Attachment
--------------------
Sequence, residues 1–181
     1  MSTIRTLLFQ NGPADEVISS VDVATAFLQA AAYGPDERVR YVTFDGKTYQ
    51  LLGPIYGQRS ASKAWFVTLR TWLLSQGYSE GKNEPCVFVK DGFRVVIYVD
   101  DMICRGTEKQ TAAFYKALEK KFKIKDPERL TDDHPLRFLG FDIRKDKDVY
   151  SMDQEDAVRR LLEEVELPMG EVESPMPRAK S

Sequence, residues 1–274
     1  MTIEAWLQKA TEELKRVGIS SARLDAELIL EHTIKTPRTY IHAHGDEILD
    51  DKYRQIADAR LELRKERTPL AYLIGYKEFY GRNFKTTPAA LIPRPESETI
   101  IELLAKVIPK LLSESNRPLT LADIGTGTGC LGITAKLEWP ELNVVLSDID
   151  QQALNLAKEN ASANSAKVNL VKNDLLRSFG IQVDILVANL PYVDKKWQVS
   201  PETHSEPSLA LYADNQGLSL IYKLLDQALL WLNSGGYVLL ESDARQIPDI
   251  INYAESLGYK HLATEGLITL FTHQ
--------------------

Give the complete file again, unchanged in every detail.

Sequence, residues 1–181
     1  MSTIRTLLFQ NGPADEVISS VDVATAFLQA AAYGPDERVR YVTFDGKTYQ
    51  LLGPIYGQRS ASKAWFVTLR TWLLSQGYSE GKNEPCVFVK DGFRVVIYVD
   101  DMICRGTEKQ TAAFYKALEK KFKIKDPERL TDDHPLRFLG FDIRKDKDVY
   151  SMDQEDAVRR LLEEVELPMG EVESPMPRAK S

Sequence, residues 1–274
     1  MTIEAWLQKA TEELKRVGIS SARLDAELIL EHTIKTPRTY IHAHGDEILD
    51  DKYRQIADAR LELRKERTPL AYLIGYKEFY GRNFKTTPAA LIPRPESETI
   101  IELLAKVIPK LLSESNRPLT LADIGTGTGC LGITAKLEWP ELNVVLSDID
   151  QQALNLAKEN ASANSAKVNL VKNDLLRSFG IQVDILVANL PYVDKKWQVS
   201  PETHSEPSLA LYADNQGLSL IYKLLDQALL WLNSGGYVLL ESDARQIPDI
   251  INYAESLGYK HLATEGLITL FTHQ